In European countries where taxes on petrol are high the savings from going electric are considerable. The fuel savings of driving a Leaf instead of a 28 MPG petrol car in the UK are $2,260 for each 10,000 miles. Even in the US where gasoline is relatively cheap there is a $1,000 saving.
Finally, just for a laugh let’s run the numbers for some luxury cars.
The EV Wedge: Tesla Model S vs Mercedes
I know very little about luxury cars. I’m not even sure if someone spending $100,000 on a car really cares much about fuel costs. I’m guessing they love the Tesla because of the torque and the ride. But then again I may be wrong.
You see the Tesla Model S has topped monthly sales in Norway twice recently. Not just for electric cars, but for all cars. The tax exemption for buying is no doubt a big deal. As is the ride.
But just check out these fuel savings for the Tesla Model S compared to the 19 MPG Mercedes 550S.
Not only do Tesla Model S drivers enjoy the pleasure of driving the best car Consumer Reports have ever tested, but in Norway they’ll be able to buy the next one using fuel savings from their first.
Throw in some very modest rises in petrol price over the next decade and a Norwegian Tesla driver will save more than the purchase price by the time they’ve driven 150,000 miles. Even for places like the UK, France and Germany the figures are pretty impressive.
When you consider that Tesla offers free supercharging in many places you start to see why they have waiting lists. With free electricity the US fuel savings versus the 19 MPG Mercedes jump to $2,000 per 10,000 miles. In the UK, France and Germany they go above $4,000. In Norway and Turkey it’s above $5,000.
Curiously I actually think the graph above will eventually be more important for the Pickup Truck market than it is for luxury cars. You see those numbers aren’t far off what the sums might look like for a ‘Tesla Truck‘ vs a Ford F-Series. And while we may be a few years away from batteries cheap enough to justify electric trucks their potential for fuel savings is just colossal when you consider a F-150 gets 19 MPG.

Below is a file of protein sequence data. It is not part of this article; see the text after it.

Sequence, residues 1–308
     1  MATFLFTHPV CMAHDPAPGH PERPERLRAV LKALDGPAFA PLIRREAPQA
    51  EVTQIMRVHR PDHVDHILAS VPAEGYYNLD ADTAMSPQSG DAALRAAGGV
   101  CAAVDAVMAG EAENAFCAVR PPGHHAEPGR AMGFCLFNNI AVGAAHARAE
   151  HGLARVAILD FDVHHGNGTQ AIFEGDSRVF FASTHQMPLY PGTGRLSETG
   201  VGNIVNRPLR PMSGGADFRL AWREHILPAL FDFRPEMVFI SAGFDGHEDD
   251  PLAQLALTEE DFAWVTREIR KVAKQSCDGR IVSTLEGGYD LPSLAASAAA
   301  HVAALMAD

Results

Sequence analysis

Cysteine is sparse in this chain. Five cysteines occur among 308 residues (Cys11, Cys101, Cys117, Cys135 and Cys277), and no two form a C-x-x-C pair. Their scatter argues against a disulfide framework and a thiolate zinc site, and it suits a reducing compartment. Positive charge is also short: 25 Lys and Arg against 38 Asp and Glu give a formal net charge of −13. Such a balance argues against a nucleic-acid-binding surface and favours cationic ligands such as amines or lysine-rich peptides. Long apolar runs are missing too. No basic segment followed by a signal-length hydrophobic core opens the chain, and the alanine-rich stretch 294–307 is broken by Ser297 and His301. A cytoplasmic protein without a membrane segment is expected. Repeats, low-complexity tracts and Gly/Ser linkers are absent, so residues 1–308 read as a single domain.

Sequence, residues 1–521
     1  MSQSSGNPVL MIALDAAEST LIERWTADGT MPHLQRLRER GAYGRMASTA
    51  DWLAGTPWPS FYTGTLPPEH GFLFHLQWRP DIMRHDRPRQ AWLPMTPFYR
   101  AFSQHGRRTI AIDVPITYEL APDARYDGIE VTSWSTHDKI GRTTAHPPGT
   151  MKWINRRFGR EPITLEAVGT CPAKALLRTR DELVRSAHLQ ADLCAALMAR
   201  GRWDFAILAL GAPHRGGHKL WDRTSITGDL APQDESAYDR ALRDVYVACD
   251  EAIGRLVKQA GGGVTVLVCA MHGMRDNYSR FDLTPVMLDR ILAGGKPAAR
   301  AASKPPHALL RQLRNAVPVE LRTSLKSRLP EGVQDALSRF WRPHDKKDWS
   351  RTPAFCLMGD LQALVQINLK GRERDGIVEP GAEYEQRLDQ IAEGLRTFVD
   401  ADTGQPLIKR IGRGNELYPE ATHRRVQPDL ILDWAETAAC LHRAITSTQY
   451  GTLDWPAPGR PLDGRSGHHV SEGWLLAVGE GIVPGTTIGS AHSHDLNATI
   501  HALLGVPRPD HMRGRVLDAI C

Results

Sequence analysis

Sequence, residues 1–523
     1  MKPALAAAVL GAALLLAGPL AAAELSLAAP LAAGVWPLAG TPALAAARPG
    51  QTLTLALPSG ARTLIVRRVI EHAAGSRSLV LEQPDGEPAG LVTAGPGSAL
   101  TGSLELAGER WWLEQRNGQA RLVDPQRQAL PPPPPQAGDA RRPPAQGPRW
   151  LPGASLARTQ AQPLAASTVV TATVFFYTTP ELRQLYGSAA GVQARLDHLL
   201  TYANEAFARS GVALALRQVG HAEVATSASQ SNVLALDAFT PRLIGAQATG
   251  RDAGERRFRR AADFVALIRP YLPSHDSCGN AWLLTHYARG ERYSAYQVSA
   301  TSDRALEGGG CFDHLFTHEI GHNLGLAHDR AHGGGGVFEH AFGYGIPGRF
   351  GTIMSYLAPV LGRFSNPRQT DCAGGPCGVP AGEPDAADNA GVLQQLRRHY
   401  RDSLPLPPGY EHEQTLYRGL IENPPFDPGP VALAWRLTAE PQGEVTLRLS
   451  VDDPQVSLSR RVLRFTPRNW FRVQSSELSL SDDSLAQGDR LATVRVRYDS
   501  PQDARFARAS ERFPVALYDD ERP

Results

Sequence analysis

What to make of the EV Wedge?
To keep this post a bit of fun I avoided delving into lifetime cost comparisons and the fuzzy assumptions they involve. Instead I’m just trying to point out something that should be clear by now. Powering a car with electricity is cheaper than fueling it with gasoline (unless you live in Caracas).
Here are some basic takeaways:
- Gas prices are key: the higher the gasoline price the bigger your potential savings are. This makes electric cars attractive in Europe.
- Electricity prices also matter: the potential benefits of going electric can be eroded by high electricity prices. Germany and Australia are good examples.
- Fuel economy matters too: the poorer the fuel economy of the car you are switching from the bigger your fuel savings will be. You can see this in the more than doubling of the wedge between the Prius and the Camry.
Because of the varying differentials between gasoline and electricity prices the fuel savings from going electric vary massively from place to place. But in general the economics for electric vehicles just keep getting better.
If you’re looking at buying an electric vehicle in a couple of years when prices drop some more there is something worth thinking about. You see electric vehicles are a bit like solar was a few years ago. There are currently some very attractive grants and tax breaks that take some pain out of the purchase price, and this means EVs look great from a lifetime cost perspective.
As battery prices keep falling and production scales increase there is a good chance electric cars will keep getting cheaper. As prices go down and sales go up the current level of subsidy will make less and less sense for governments, just as it did for high feed-in tariffs with solar. In fact in some places they already seem too attractive.
If I was in the market for an electric vehicle I’d be keeping a very close watch on my local EV grants, tax rebates or other incentives.
If I lived in Norway I’d be on a waiting list, because it would also cut a lot of carbon.